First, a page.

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Sand Blast
Michael Bamberger
September 22, 1997
The first world championships of beach volleyball were a hit, but the struggle for the sport's future continues
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September 22, 1997

Sand Blast

The first world championships of beach volleyball were a hit, but the struggle for the sport's future continues

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The Nike swoosh was everywhere, of course: on the undersides of flipped-up visors, on sunglasses, on the cross-straps of sandals. One of the few places the swoosh was missing was on the rakes used to smooth the sand between games. Nike doesn't make rakes. The Midwest Rake Co. does. Its Yard-PRO model was much in evidence.

At the world championships men and women were paid equally, but it didn't seem quite fair, really, since the women play a more engaging game than the men, with longer rallies and more obvious emotion. The women's final was spectacular. Silva and Pires, seeded third in the 32-team, single-elimination tournament, won the first game 12-11. McPeak and Arce, the No. 1-seeded team, dominated the second game 12-1. That forced a third game, in which a point is scored on every serve. The game was tied at 4 each, then at 6, then 8, then 9. When the Brazilians took an 11-9 lead, Arce and McPeak called a timeout. The music came up. The music faded out. When play resumed, the U.S. team won the next point, and then Arce went back to serve. She tossed the ball and leaped. A jump serve. A risky, aggressive play that can result in an ace. This time her serve landed in the net. Game, match, dream over. "Seeing Brazil win like this, it gets old," McPeak said.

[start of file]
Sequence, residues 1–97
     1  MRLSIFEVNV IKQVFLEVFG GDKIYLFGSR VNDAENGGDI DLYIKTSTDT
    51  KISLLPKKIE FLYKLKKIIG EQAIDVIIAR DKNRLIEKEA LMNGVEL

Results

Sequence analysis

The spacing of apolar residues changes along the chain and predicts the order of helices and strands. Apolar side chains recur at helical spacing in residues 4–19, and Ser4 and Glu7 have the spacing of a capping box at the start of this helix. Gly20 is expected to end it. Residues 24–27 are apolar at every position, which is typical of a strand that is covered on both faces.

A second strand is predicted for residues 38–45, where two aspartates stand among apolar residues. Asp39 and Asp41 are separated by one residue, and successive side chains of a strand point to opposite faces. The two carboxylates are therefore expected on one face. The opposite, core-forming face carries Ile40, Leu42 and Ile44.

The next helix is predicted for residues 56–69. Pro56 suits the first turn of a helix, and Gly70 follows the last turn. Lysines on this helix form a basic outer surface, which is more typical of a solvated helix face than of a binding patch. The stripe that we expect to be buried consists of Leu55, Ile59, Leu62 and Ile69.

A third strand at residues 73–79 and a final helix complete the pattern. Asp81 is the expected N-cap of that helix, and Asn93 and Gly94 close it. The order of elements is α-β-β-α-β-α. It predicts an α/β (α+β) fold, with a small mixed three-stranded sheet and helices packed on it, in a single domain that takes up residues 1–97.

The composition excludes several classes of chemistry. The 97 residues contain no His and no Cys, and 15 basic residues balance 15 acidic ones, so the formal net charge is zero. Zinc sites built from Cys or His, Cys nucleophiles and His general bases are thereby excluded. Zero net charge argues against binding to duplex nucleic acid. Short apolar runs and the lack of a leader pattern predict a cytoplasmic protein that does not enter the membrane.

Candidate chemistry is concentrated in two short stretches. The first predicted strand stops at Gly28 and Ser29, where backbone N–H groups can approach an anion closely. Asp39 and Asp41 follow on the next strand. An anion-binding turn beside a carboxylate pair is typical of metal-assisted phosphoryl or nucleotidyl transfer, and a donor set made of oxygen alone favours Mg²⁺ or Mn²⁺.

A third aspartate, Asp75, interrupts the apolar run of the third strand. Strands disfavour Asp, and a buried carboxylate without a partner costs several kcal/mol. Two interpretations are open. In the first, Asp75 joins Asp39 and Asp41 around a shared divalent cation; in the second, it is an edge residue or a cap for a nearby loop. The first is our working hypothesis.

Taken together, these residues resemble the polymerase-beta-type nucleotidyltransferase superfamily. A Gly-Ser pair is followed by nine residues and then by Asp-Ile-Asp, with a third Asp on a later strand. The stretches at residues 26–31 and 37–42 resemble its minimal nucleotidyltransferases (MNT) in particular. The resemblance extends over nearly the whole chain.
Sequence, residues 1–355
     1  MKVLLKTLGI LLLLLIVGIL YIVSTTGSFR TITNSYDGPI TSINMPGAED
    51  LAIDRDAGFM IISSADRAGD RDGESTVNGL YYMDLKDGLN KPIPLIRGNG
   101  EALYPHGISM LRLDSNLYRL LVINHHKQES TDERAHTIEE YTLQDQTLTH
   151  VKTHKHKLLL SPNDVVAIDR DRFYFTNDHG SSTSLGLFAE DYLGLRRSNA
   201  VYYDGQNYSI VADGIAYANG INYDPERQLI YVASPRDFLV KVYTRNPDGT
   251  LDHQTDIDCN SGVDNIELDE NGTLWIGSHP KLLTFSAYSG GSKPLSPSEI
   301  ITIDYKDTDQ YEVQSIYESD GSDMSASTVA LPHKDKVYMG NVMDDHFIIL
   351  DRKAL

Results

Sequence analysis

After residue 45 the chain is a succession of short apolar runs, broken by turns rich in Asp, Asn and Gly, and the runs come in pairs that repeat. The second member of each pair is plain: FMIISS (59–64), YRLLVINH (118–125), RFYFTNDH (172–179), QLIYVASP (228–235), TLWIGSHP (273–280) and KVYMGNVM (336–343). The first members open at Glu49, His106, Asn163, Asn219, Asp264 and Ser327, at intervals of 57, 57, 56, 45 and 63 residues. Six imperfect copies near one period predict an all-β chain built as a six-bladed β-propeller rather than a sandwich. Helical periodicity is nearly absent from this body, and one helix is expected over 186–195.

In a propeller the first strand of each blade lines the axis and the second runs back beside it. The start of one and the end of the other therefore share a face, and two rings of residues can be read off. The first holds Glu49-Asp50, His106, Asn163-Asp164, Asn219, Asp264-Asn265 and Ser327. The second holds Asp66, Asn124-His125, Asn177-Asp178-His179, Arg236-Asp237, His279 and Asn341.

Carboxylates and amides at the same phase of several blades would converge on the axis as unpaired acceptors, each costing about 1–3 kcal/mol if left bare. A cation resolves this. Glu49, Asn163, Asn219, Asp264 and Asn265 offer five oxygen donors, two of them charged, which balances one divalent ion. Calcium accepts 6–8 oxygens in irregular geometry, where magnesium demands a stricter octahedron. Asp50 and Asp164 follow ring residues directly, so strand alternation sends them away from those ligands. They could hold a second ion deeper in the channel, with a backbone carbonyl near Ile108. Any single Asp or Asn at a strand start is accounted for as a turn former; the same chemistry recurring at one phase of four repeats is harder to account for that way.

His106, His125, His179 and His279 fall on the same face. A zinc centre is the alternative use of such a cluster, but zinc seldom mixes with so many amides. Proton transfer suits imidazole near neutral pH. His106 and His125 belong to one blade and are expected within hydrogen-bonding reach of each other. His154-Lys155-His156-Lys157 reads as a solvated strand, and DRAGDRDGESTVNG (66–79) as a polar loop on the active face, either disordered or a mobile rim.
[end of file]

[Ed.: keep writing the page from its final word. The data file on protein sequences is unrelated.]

Not, of course, for the Brazilians. Beach volleyball is a national pastime in Brazil, whereas in the U.S. the game is played intensely only in Southern California and a few other beach spots.

In the men's final Whitmarsh and Ceman won their first game handily, 12-5, but lost 12-8 in the second. In the tiebreaker, digs that are normally routine for Whitmarsh escaped him. Ceman's serve, ordinarily a bullet, lacked its usual zip. The two Americans lost 12-10. Quite a day for Brazil. As if Rio needed another reason to throw a party.

"I believe the Americans are the best volleyball players in the world," Silva said afterward. "But today the Brazilians were best." She is irresistible, a true sport, a wonderful athlete, feisty on the court, modest off it.

While Silva spoke to reporters, two young girls waited outside the pressroom, pantomiming Silva's serves, her digs, her high fives, mimicking her every move. The girls were turning an athlete into an icon. You want to grow the sport, watch the kids.

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